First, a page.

While feminists have long recognised the importance of self-managed, alternative media to transport their messages, to challenge the status quo and to spin novel social processes, it has been an underresearched area. Hence, this book explores the processes of women’s and feminist media production in the context of participatory spaces, technology and cultural citizenship. The English-language collection is comprised of theoretical analyses and critical case studies. It highlights contemporary alternative feminist media in general as well as blogs, zines, culture jamming and graffiti and contributes to a network via www.grassrootsfeminism.net. With contributions from (among others): Red Chidgey (UK), Jenny Gunnarsson Payne (Sweden), Anita Harris (Australia), Tea Hvala (Slovenia), Elisabeth Klaus (Austria), Verena Kuni (Germany), Margreth Lünenborg (Germany), Alison Piepmeier (USA), Linda Steiner (USA).
The common objective of all of the contributions is to analyze the broad topic of media and gender from a social-theoretical – but above all, feminist – perspective. In different ways, the articles pose questions concerning the specific production conditions of feminist media, the interplay between art and gender, the options for opening up new participatory spaces as well as for the creation of feminist public spheres. From a theoretical viewpoint, the articles are based for the most part on feminist theories of the public sphere and on the concept of cultural citizenship. Starting from different perspectives, the empirical analyses in the individual chapters place the focus on feminist activism. The book is organized in three main sections: Feminist media production and alternative economies, Participatory spaces and networks and Cultural citizenship and social change.
The idea of this book was developed within the research project “Feminist Media Production in Europe,” which was started at the Academy of Fine Arts in Vienna and then moved to the Department of Communication at the University of Salzburg and the Program Area Contemporary Arts & Cultural Production, Focus Area Science & Art, University of Salzburg in Cooperation with University Mozarteum (funded by the Austrian Science Fund from December 2008 – November 2012, P21187). The “Feminist Media Production in Europe“ study has focused on contemporary feminist grassroots media in the print and digital realm, taking into account not only more traditional media outlets but also present developments in Web 2.0. Building on our previous studies on feminist zines in the German-speaking area, the UK, Sweden and in the international realm, independently produced magazines, blogs (web-logs) and e-zines (electronic magazines) were taken as objects of the study. The two main aims of this project have been: 1) to document and describe contemporary feminist grassroots media in Europe, in order to establish a „living history archive“, 2) to analyse the contents and discourses of feminist magazines, e-zines and blogs, so as to evaluate the agenda and techniques of feminist media production.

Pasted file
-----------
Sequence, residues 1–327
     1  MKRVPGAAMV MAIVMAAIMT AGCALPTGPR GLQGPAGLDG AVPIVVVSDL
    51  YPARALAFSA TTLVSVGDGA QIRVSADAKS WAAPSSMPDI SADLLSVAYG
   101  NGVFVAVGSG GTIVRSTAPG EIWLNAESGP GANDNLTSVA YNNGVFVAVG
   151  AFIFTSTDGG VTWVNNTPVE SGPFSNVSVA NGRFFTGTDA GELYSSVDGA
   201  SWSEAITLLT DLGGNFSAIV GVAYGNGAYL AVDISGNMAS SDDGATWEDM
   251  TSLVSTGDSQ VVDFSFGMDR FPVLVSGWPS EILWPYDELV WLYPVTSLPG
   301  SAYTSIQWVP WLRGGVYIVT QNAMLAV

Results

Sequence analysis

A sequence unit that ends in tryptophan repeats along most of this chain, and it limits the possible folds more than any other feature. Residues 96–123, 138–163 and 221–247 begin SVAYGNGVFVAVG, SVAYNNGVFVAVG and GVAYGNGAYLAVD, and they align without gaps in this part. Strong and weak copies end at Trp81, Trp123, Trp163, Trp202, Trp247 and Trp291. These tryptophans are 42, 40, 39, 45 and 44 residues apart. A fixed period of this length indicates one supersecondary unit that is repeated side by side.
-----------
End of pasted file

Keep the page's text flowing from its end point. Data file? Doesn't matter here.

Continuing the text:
In the context of this project, we have been interested in such questions as: What are the content, forms, processes, and functions of feminist media production in Europe today? How far are these media used as sites of feminist news, activism and engagement? How can media produced by women at the grassroots level be a means to foster participation and civic engagement? What are the implications of women as active media producers for civic society? What is the potential of feminist grassroots media in Europe for cultural, social and political changes? Discussions of these and other questions can be found in the book (for a detailed report on the study see Zobl and Reitsamer).
Elke Zobl, Ricarda Drüeke (eds.): Feminist Media: Participatory Spaces, Networks and Cultural Citizenship
November 22, 2012 in Salzburg
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